Those seven pictures you see are the result of one of my longed wanted projects. All of them are meaningful to me. This is my bedroom wall. I plan to keep populating it. From the top left, the ships one is my own photo of Malta from December 2008. Middle top is a bought canvas of a place that could be Spain, Italy, I don’t know. We bought that and other rolled canvas in Malta, and framed them here. Top right, in black and white, it’s a pencil drawing of a Mexican street and fountain. 17+ years ago, when I retired from the classroom, the mom of a first grader I taught came to school the last day with this frame.

Bottom row, left, a black and white photograph by Ansel Adams. Who doesn’t love his photos of nature. You can see it better here. I have not been to Sierra Nevada. One day, maybe. Next, in the white frame, two images, top one the famous “This is not a pipe” by my adored Magritte. Who doesn’t love Magritte?, and bottom, this evocative, mysterious and captivating painting by De Chirico, “Mystery and Melancholy of a Street”. And who doesn’t love De Chirico? Okay. I’m stopping that now. Next to it, a close up of Vermeer’s “The Little Street”. Last, bottom row to the right, Norman Rockwell’s “Moving Day”.

I haven’t been to a museum in ages. Must put a remedy to that this summer if possible!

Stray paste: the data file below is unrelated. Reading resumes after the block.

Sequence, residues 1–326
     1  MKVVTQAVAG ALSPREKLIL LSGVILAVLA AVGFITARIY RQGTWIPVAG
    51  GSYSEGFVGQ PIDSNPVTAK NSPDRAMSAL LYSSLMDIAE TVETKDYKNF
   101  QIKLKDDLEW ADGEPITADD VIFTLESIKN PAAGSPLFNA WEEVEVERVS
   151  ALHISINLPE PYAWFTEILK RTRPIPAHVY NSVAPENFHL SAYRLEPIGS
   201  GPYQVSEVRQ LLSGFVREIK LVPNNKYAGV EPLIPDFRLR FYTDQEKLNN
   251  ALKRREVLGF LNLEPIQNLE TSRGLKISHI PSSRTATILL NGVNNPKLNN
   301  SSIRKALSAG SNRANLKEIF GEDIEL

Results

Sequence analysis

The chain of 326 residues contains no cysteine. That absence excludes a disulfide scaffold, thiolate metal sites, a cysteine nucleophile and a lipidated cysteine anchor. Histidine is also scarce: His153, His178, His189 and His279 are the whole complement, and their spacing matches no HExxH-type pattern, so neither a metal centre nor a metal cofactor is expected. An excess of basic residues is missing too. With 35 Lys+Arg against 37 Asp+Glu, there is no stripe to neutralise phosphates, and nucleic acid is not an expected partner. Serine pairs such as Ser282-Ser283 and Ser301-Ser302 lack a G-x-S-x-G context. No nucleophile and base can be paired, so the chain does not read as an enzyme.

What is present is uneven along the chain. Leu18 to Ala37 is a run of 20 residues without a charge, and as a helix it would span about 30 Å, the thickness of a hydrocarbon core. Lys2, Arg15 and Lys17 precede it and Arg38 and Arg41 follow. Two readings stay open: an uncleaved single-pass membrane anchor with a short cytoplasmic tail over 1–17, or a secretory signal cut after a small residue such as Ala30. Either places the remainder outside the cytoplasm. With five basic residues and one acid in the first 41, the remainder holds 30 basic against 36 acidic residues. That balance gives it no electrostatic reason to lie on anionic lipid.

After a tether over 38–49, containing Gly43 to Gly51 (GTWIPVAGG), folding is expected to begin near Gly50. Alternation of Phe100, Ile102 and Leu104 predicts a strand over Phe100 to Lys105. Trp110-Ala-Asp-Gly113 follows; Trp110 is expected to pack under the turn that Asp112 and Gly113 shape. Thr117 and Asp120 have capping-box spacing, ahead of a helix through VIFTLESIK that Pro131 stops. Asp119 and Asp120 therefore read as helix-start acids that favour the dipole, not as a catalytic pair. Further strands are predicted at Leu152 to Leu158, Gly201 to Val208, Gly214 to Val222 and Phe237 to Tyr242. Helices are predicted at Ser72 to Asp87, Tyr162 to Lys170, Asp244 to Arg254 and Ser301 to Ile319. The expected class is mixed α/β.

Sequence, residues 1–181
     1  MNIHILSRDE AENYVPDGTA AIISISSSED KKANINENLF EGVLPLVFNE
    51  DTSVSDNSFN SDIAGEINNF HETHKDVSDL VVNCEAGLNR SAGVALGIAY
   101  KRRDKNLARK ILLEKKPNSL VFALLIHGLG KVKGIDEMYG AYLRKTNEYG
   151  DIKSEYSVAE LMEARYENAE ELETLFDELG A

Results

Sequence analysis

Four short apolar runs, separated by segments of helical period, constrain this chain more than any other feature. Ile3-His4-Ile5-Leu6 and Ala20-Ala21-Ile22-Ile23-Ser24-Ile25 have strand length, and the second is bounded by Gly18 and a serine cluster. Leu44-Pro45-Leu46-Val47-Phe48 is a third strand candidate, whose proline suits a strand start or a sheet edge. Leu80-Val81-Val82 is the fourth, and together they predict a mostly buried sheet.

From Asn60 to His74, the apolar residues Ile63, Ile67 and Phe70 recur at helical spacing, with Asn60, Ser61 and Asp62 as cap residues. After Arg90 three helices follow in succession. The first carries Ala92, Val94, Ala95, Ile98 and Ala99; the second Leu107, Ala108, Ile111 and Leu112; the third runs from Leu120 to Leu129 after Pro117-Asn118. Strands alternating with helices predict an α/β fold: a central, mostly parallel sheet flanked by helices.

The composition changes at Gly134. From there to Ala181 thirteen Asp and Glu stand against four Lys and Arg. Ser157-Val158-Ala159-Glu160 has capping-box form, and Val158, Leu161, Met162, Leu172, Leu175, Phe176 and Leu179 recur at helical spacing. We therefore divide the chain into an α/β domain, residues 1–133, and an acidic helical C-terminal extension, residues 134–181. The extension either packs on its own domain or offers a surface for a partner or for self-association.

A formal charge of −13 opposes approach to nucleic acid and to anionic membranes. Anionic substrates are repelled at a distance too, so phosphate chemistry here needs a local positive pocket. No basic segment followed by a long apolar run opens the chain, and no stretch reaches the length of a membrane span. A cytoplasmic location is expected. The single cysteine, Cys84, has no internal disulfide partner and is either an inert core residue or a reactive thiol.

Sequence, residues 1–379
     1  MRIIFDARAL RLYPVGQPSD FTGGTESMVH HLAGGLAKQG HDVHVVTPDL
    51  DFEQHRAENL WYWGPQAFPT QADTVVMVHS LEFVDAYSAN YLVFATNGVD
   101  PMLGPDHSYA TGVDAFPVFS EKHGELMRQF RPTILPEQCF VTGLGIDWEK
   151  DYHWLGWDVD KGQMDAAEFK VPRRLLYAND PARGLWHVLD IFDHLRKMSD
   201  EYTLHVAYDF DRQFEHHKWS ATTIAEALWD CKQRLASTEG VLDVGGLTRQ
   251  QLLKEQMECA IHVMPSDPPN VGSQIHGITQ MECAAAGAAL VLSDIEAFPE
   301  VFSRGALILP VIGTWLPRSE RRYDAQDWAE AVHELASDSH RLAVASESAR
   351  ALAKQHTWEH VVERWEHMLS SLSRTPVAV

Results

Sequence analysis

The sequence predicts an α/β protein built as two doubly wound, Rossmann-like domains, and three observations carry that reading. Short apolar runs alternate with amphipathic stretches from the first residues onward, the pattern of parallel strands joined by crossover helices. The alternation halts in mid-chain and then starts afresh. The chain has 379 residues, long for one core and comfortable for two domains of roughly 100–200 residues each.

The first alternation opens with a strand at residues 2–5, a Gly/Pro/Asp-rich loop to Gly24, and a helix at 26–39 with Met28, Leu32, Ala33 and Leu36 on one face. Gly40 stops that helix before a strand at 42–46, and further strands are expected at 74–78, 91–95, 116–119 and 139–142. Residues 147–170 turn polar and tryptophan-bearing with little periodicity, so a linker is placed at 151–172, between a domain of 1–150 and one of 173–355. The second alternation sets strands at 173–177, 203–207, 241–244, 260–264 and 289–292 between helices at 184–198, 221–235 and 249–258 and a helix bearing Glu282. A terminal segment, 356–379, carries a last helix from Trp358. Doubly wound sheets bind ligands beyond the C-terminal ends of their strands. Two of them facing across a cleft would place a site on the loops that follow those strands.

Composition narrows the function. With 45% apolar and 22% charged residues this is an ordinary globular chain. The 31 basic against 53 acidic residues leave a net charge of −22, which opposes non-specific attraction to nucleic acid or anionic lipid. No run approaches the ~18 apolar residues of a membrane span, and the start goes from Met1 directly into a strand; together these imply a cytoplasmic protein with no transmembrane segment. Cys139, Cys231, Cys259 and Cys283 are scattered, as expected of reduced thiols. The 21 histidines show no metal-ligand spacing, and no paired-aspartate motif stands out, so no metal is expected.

Before kids, my husband and I used to watch shows together. Now I remember those days with fondness. I’m back to having some movie times with him. Our taste is night and day. I’m willing to compromise. I propose a movie, he the next.

My first pick was The Tree of Life, by Malick. It’s a movie from 2011. My friend Travis recommended it to me. The book of Job, -or the problem of pain-, is present in it. Malick’s first movie was Badlands, from 1944. It’s next in my list. You can see a bit about his style here. It’s my type of movie. My husband… not so much. But, love it or hate it, the quality and artistry is there. It’s a movie classic, not your run of the mill movie. You don’t have to like it. You don’t have to conceive films as anything beyond entertainment. But if you like films to be more than visual candy for the eyes, if you are opened or intrigued by the philosophical, the beautiful, The Tree of Life is your movie.

I was mesmerized and moved by how he could convey so many universal experiences through such an intimate and personal account.

I’m contemplating reading White Noise.
Let me know if you have read it, and if you recommend.

About my reading life. Cause, I always have to talk about my reads. I’d say I’m back to reading my favorite blogs written by you! I’m going to do an informal shout out at the risk of missing some of you.

Judy writes at Another Perfect Daughter. I always enjoy her insights on the scriptures. She focuses her mind on events I usually glance at when I read them. It’s like pointing a magnifying glass at a stamp, and finding details you didn’t know they exist.

Lotz is a New Yorker who has lived in Madrid for several years. I adore all his posts, from his book reviews, to his travel log posts. His last one on poetry, truth and beauty, was fascinating. He’s such a deft writer, has a sharp scholarly mind, -which is sadly unusual these days-, and has this zest for life that’s contagious.